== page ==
It’s been a great 12 months for wholesale insurers with most seeing their share price rise by 20%+, some over 40%. As would be expected, there has been some correlation between the rise in book values and the share price increase although market sentiment to the sector and the overall market rally have undoubtedly also played their parts. The graph below shows the movements over the past 12 months (click to enlarge).
The price to tangible book is one of my preferred indicators of value although it has limitations when comparing companies reporting under differing accounting standards & currencies and trading in different exchanges. The P/TBV valuations as at last weekend are depicted in the graph below. The comments in this post are purely made on the basis of the P/TBV metric calculated from published data and readers are encouraged to dig deeper.
I tend to look at the companies relative to each other in 4 broad buckets – the London market firms, the continental European composite reinsurers, the US/Bermuda firms, and the alternative asset or “wannabe buffet” firms. Comparisons across buckets can be made but adjustments need to be made for factors such as those outlined in the previous paragraph. Some firms such as Lancashire actually report in US$ as that is where the majority of their business is but trade in London with sterling shares. I also like to look at the relative historical movements over time & the other graph below from March 2011 helps in that regard.
Valuations as at March 2013 (click to enlarge):
Valuations as at March 2011 (click to enlarge):
The London market historically trades at the highest multiples – Hiscox, Amlin, & Lancashire are amongst the leaders, with Catlin been the poor cousin. Catlin’s 2012 operating results were not as strong as the others but the discount it currently trades at may be a tad unfair. In the interest of open disclosure, I must admit to having a soft spot for Lancashire. Their consistent shareholder friendly actions result in the high historical valuation. These actions and a clear communication of their straight forward business strategy shouldn’t distract investors from their high risk profile. The cheeky way they present their occurrence PMLs in public disclosures cannot hide their high CAT exposures when the occurrence PMLs are compared to their peers on a % of tangible asset basis. Their current position relative to Hiscox and Amlin may be reflective of this (although they tend to go down when ex dividend, usually a special dividend!).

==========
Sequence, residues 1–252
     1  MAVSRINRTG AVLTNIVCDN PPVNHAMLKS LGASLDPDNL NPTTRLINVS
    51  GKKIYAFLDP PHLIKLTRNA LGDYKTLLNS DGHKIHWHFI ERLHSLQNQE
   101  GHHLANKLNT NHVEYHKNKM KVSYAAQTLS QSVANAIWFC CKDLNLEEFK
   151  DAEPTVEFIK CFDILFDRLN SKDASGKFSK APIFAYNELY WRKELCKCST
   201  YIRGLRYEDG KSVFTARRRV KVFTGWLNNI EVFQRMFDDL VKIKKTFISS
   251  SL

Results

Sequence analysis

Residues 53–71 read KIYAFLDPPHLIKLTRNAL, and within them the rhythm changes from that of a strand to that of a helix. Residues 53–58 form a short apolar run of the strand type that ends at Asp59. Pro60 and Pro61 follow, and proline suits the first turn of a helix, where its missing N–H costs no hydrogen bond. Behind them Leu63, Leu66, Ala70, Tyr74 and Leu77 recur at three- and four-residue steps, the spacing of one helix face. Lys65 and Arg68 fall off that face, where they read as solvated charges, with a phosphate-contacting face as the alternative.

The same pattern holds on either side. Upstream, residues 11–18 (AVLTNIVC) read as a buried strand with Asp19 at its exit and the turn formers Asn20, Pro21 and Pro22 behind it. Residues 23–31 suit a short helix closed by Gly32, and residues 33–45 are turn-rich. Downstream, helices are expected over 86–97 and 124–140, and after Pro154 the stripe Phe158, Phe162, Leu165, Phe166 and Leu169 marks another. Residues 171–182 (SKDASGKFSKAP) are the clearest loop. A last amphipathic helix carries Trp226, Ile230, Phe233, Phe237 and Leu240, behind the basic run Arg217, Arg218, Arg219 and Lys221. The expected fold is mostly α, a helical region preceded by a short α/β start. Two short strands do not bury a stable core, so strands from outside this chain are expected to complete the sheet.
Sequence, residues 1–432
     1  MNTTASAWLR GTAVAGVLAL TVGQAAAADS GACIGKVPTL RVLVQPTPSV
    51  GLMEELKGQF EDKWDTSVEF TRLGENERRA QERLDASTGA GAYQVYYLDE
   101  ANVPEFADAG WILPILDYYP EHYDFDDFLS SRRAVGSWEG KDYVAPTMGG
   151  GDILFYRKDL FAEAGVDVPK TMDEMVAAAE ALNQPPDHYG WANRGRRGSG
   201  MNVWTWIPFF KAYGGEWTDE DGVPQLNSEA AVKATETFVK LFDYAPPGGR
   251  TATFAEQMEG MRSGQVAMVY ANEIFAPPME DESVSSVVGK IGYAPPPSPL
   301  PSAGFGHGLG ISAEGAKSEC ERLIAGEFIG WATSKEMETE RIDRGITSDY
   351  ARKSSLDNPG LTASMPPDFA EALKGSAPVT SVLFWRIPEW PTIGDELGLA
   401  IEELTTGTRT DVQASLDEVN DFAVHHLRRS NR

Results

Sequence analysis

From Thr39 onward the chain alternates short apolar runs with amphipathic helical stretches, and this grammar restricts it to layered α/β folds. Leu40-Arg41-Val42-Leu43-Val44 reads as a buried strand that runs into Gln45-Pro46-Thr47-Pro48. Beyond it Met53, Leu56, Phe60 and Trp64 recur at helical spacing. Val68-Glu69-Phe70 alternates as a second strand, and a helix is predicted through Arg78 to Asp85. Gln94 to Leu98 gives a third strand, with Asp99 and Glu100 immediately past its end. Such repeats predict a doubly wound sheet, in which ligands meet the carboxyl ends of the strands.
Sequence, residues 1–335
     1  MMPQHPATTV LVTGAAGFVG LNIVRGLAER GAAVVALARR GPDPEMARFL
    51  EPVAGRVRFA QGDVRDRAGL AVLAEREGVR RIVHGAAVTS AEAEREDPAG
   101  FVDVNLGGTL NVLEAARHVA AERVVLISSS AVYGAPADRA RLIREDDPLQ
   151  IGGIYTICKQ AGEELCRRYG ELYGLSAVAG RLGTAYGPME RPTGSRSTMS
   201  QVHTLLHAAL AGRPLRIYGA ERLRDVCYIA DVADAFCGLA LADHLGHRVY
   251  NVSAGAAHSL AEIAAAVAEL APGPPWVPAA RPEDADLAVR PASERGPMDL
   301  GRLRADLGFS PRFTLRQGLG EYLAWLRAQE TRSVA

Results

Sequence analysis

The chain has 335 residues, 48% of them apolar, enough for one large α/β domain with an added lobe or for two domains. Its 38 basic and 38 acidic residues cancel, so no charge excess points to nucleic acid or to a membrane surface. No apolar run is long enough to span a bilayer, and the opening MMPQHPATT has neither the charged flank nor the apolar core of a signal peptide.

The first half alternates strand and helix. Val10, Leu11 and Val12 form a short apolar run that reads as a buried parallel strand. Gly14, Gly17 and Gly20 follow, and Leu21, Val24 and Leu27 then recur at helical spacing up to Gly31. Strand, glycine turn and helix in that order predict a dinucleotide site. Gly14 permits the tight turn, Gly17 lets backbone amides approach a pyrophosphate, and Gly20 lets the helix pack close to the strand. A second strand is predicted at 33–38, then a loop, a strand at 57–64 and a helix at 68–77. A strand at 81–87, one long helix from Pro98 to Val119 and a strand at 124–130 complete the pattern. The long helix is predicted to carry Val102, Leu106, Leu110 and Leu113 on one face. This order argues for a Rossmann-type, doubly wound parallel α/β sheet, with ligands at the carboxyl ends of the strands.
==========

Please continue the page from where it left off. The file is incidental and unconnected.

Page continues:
Within the continental European composite reinsurer bucket, the Munich and Swiss, amongst others, classify chunky amounts of present value of future profits from their life business as an intangible. As this item will be treated as capital under Solvency II, further metrics need to be considered when looking at these composite reinsurers. The love of the continental Europeans of hybrid capital and the ability to compare the characteristics of the varying instruments is another factor that will become clearer in a Solvency II world. Compared to 2011 valuations Swiss Re has been a clear winner. It is arguable that the Munich deserves a premium given it’s position in the sector.
The striking thing about the current valuations of the US/Bermudian bucket is how concentrated they are, particularly when compared to 2011. The market seems to be making little distinction between the large reinsurers like Everest and the likes of Platinum & Montpelier. That is surely a failure of these companies to distinguish themselves and effectively communicate their differing business models & risk profiles.
The last bucket is the most eccentric. I would class firms such as Fairfax in this bucket. Although each firm has its own twist, generally these companies are interested in the insurance business as the provider of cheap “float”, a la Mr Buffet, with the focus going into the asset side. Generally, their operating results are poorer than their peers and they have a liking for the longer tail business if the smell of the float is attractive enough (which is difficult with today’s interest rate). This bucket really needs to be viewed through different metrics which we’ll leave for another day.
Overall then, the current valuations reflect an improved sentiment on the sector. Notwithstanding the musings above, nothing earth shattering stands out based solely on a P/TBV analysis. The ridiculously low valuations of the past 36 months aren’t there anymore. My enthusiasm for the sector is tempered by the macro-economic headwinds, the overall run-up in the market (a pull-back smells inevitable), and the unknown impact upon the sector of the current supply distortions from yield seeking capital market players entering the market.